Poems, selected and ed. by R.A. Willmott. Illustr

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Page 264 - But there's a Tree, of many, one, A single Field which I have looked upon, Both of them speak of something that is gone...
Page 41 - A SIMPLE child That lightly draws its breath, And feels its life in every limb, What should it know of death? I met a little cottage girl : She was eight years old, she said; Her hair was thick with many a curl That clustered round her head. She had a rustic, woodland air, And she was wildly clad; Her eyes were fair, and very fair; — Her beauty made me glad. " Sisters and brothers, little maid, How many may you be ? " " How many ? Seven in all," she said, And wondering looked at me.
Page 183 - Nor, perchance — If I should be where I no more can hear Thy voice, nor catch from thy wild eyes these gleams Of past existence — wilt thou then forget That on the banks of this delightful stream We stood together; and that I, so long A worshipper of Nature, hither came Unwearied in that service: rather say With warmer love — oh! with far deeper zeal Of holier love.
Page 128 - But worthier still of note Are those fraternal Four of Borrowdale, Joined in one solemn and capacious grove ; Huge trunks! and each particular trunk a growth Of intertwisted fibres serpentine Up-coiling, and inveterately convolved...
Page 133 - A countenance in which did meet Sweet records, promises as sweet; A Creature not too bright or good For human nature's daily food; For transient sorrows, simple wiles, Praise, blame, love, kisses, tears, and smiles.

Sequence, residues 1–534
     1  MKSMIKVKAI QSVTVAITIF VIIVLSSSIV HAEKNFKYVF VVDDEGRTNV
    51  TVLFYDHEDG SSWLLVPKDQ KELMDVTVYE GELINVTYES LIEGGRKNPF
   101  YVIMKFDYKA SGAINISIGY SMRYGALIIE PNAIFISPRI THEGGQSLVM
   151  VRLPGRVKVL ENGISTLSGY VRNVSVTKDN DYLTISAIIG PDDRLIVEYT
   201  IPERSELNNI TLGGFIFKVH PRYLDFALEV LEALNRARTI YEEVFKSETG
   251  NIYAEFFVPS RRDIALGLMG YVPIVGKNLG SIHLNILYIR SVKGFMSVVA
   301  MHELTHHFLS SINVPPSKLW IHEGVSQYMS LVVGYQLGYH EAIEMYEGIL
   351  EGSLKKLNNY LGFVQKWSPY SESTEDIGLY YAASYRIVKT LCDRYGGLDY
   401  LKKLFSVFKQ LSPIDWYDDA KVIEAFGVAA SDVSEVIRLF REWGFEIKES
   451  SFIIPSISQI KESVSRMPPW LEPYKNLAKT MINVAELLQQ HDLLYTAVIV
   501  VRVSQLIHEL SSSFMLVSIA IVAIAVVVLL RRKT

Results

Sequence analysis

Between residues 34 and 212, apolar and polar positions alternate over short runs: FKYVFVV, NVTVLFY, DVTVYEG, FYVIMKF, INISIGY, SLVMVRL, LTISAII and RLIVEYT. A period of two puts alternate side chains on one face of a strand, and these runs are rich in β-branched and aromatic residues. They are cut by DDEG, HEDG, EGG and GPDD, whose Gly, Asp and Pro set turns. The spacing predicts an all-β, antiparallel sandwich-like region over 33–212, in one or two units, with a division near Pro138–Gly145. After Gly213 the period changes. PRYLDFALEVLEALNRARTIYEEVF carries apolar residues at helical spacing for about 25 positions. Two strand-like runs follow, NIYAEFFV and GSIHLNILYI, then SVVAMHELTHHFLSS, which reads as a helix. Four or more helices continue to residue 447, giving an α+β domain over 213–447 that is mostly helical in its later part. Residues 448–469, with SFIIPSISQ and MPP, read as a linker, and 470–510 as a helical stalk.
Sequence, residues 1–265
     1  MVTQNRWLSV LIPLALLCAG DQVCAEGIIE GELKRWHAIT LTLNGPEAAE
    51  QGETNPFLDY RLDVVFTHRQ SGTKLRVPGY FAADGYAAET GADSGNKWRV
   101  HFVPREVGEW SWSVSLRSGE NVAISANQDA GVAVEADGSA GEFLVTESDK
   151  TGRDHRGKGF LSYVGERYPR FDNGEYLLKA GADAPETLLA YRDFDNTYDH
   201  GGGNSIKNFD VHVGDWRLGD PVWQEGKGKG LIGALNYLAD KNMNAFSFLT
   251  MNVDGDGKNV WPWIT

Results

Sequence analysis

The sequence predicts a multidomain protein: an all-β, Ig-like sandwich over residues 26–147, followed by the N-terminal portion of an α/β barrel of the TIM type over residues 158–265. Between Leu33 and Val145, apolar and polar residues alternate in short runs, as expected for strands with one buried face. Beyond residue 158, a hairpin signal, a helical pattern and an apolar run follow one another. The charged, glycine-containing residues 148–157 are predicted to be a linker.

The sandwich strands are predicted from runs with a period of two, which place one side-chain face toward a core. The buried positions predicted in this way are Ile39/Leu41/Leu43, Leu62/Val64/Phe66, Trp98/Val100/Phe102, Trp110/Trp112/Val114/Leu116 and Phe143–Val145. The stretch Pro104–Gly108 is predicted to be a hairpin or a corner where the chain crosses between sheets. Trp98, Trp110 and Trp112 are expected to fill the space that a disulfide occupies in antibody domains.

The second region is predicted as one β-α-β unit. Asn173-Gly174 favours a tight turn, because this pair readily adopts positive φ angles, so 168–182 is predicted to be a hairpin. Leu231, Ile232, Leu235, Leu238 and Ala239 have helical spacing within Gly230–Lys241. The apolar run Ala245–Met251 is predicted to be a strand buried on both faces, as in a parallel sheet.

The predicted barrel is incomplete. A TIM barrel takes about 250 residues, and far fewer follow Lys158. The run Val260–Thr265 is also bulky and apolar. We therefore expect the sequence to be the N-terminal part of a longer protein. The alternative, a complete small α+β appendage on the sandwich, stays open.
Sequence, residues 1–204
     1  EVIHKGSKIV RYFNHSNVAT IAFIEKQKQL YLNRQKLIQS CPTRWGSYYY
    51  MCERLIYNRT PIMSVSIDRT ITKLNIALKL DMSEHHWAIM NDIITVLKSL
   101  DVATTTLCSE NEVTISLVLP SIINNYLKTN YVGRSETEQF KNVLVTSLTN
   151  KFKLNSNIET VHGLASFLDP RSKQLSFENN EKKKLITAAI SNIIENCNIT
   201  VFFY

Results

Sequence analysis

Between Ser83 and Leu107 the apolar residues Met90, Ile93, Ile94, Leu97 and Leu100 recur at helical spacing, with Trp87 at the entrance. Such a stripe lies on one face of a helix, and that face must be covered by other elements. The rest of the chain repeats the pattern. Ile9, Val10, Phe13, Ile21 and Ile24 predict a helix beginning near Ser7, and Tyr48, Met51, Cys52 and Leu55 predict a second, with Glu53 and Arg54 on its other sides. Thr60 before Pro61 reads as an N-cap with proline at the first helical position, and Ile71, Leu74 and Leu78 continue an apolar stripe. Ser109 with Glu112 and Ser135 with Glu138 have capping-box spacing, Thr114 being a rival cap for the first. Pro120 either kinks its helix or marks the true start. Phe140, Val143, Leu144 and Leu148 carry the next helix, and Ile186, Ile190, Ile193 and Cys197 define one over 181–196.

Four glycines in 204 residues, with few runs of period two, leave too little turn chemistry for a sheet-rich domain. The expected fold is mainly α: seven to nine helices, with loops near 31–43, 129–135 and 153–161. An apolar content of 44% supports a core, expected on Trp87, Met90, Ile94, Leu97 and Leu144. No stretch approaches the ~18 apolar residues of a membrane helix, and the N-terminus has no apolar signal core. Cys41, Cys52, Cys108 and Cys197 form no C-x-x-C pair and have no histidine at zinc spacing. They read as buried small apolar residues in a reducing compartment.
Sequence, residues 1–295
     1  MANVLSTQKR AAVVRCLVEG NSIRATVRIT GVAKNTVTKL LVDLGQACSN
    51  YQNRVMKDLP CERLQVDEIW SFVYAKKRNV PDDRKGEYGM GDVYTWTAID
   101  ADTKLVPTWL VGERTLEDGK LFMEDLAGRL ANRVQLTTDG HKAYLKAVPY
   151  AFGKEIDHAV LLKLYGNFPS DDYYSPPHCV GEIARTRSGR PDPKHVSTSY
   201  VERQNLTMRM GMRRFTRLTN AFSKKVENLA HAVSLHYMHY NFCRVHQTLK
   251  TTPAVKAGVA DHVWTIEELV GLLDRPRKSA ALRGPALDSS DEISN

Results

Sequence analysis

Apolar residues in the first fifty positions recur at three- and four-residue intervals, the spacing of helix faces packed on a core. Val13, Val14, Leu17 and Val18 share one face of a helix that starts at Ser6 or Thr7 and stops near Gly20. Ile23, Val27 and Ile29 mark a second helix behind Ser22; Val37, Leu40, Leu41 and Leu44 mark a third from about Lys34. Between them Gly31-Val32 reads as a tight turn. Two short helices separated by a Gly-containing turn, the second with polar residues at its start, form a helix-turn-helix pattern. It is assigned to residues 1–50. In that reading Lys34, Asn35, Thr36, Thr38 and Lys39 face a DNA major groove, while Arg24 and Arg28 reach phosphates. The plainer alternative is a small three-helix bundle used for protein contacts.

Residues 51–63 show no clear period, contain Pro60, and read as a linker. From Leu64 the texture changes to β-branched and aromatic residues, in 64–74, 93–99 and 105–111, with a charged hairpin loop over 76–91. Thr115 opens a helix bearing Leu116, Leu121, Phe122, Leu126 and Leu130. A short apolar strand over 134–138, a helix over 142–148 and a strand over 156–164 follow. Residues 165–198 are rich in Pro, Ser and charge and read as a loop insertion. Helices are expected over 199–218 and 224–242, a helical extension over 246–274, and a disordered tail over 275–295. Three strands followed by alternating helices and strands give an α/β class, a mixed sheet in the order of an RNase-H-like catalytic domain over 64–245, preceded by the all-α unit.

Page 41 - Sisters and brothers, little maid, How many may you be ? " " How many ? Seven in all," she said, And wondering looked at me. " And where are they, I pray you tell ? " She answered, "Seven are we; And two of us at Conway dwell, And two are gone to sea. " Two of us in the churchyard lie, My sister and my brother ; And in the churchyard cottage I Dwell near them, with my mother.
Page 267 - And unto this he frames his song: Then will he fit his tongue To dialogues of business, love, or strife: But it will not be long Ere this be thrown aside, And with new joy and pride The little Actor cons another part; Filling from time to time his "humorous stage...
Page 208 - Earth has not anything to show more fair: Dull would he be of soul who could pass by A sight so touching in its majesty: This City now doth, like a garment, wear The beauty of the morning; silent, bare, Ships, towers, domes, theatres, and temples lie Open unto the fields, and to the sky; All bright and glittering in the smokeless air. Never did sun more beautifully steep In his first splendour, valley, rock, or hill; Ne'er saw I, never felt, a calm so deep!
Page 124 - Listening, a gentle shock of mild surprise Has carried far into his heart the voice Of mountain torrents; or the visible scene Would enter unawares into his mind With all its solemn imagery, its rocks, Its woods, and that uncertain heaven received Into the bosom of the steady lake.
Page 42 - Two of us in the church-yard lie, my sister and my brother; and, in the church-yard cottage, I dwell near them with my mother.

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